The photo shows several high-profile Filipino politicians, some of them smiling as they sat or posed self-consciously among the somber concrete stelae of a memorial to millions of massacre victims.
The site was the ‘Memorial to the Murdered Jews of Europe’ (Denkmal für die ermordeten Juden Europas) in Berlin. It commemorates the six million Jewish victims of the Holocaust who died in a mass genocide perpetrated by the Nazi regime.
Among the politicians in the photo were Vice President and Liberal Party chairperson Leni Robredo, Senator Francis Pangilinan, and Ifugao Rep. Teddy Baguilat (who posted the photo to his Twitter account).
Netizens from all sides of the political spectrum called them out for insensitivity and disrespect. Baguilat deleted the photo almost immediately, saying he and the others did not mean to demean the memorial.
“We, as human rights advocates,” he said on Twitter, “fully understand the plight experienced by Jews under the Nazis and we would be the last to disrespect their memory in the same way that we condemn injustice anywhere in the world, including our own country.” He added, “I apologize for this lapse in my post.”
The party of pols were in Berlin on a governance, social justice, and poverty alleviation study tour funded by the Friedrich Naumann Foundation-Philippines.
Unsatisfied with Baguilat’s apology, some indignant Twitteratis kept up a bombardment of criticism and insisted on a similar apology from Robredo.
Others mounted a defense of the touristy pols, saying that the artist’s intent was for people to enjoy the monument as they liked, and pointing out that there was no disrespect because there is no one buried there (Jewish tradition dictates the burial of Jews and and their body parts only in Jewish cemeteries). Whereas, they said, people take smiling selfies at the Rizal Memorial where Rizal’s remains interred and no one complains.
The Twitter battle raged back and forth for a couple of days until last Tuesday, when Robredo issued a formal response to the issue: “While there was no malice in it, I take full responsibility so I would like to apologize for whatever offense to the sensitivities of people it caused.”
Commenting on Robredo’s apology on Twitter, lawyer Florin Hilbay said: “What you want in a leader: courage to admit mistake; strength to assume responsibility; no excuses; no sense of infallibility.” He added, “The Vice President is sooo…presidential.”
Former deputy speaker Erin Tañada tweeted “It shows that the VP has the courage to take responsibility and apologize for her actions.”
There are several points in this issue worth noting. First, the proper demeanor to display at memorials. While there is no one buried at Berlin’s Holocaust Memorial, the fact that it stands to remember millions of murdered people should give pause for proper reflection.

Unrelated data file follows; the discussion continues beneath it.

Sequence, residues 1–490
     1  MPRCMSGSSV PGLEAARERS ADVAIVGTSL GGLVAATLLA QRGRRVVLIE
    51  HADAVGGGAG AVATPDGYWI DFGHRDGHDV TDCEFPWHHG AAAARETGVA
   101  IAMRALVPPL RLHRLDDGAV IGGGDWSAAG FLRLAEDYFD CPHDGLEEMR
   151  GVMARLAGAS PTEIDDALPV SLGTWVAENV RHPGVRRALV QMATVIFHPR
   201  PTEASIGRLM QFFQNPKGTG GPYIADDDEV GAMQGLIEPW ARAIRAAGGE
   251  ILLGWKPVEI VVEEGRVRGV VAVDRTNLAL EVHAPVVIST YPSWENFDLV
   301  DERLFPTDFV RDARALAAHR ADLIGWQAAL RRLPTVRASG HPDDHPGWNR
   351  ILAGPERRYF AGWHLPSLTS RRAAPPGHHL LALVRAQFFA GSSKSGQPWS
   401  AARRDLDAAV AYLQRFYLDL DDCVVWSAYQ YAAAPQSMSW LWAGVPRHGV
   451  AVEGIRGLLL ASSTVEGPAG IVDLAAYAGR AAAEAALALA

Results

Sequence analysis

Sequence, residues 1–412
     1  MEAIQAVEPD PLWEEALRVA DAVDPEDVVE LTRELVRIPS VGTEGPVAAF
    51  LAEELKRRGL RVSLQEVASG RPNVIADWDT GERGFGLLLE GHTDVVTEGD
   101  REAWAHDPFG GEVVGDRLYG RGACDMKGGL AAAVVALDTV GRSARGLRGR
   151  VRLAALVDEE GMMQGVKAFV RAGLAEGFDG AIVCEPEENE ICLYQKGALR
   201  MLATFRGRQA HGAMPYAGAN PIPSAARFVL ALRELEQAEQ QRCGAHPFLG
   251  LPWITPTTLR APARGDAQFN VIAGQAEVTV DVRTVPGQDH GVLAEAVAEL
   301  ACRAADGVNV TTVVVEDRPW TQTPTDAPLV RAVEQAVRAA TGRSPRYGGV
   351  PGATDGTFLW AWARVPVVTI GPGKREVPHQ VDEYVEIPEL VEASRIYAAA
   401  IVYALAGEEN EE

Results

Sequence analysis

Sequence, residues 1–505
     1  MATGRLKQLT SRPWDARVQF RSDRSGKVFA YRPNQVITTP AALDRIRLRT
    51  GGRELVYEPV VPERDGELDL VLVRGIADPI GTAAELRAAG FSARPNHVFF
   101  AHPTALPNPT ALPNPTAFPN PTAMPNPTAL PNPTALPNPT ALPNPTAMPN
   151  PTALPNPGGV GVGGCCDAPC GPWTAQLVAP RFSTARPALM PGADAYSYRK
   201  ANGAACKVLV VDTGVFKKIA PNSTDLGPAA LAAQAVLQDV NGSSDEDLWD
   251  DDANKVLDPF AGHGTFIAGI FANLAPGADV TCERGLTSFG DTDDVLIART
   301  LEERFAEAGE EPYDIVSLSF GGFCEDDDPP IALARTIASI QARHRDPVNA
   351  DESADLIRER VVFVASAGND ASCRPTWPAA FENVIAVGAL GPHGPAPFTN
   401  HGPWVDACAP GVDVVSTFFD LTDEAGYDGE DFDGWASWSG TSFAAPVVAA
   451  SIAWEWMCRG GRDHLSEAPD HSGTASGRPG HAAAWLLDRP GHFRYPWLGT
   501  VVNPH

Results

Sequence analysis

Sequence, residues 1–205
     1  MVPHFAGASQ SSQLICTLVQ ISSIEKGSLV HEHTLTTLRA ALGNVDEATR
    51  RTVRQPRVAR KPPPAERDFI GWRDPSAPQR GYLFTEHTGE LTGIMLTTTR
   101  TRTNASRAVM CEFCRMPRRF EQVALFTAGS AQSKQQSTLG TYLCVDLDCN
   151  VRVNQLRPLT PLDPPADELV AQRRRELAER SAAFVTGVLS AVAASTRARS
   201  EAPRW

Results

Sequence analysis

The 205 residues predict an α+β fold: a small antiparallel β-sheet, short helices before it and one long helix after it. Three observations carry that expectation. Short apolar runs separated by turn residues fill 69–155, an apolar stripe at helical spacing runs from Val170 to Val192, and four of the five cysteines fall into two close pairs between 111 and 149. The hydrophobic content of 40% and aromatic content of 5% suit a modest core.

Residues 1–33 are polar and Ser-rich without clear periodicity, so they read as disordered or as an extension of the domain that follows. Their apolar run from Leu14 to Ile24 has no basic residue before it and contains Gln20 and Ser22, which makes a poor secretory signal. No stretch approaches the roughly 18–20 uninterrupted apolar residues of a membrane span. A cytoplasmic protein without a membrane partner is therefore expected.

Smiling and other hijinks could be misconstrued as flippancy, disrespect, and ignorance of right manners and conduct.
Second, the Filipino penchant for taking pictures. We take them everywhere and anywhere, without thought sometimes as to whether it is appropriate to do so or not. And when a camera is pointed in our direction we automatically smile. We need to think first whether we ought to take that photo, or if we need to be in it. Sometimes a plain landscape picture should suffice.
Third, the urge to share to social media. There is no need to share everything, and sometimes it gets you into trouble. ‘Less talk, less mistake,’ one of my managers often said in my youth, and it extends to today’s trigger-happy thumbs that press ‘share’ or ‘send’ without thought for consequences.
Fourth, the call-out culture. Asam Ahmad, writing for Briarpatch Magazine, defines it as the “tendency among progressives, radicals, activists, and community organizers to publicly name instances or patters of oppressive behavior and language use by others. People can be called out for statements and actions that are sexist, racist, ableist, and the list goes on.”
In the Philippines, the call-out culture has become a tool for public shaming for all sorts of transgressive behavior, aided by the ease, speed, and wide range of communication provided by the internet. Done wrong, it can be used to bully others. Done right, it acts as a check-and-balance and directs attention to issues that need to be addressed.
In this case, the admirable outcome of this exercise were Baguilat and Robredo’s unequivocal apologies made without excuses or self-justification, something now rare in a society where some of the highest in the land show no remorse for worse misdeeds.
Dr. Ortuoste is a writer and communication consultant. FB and Twitter: @DrJennyO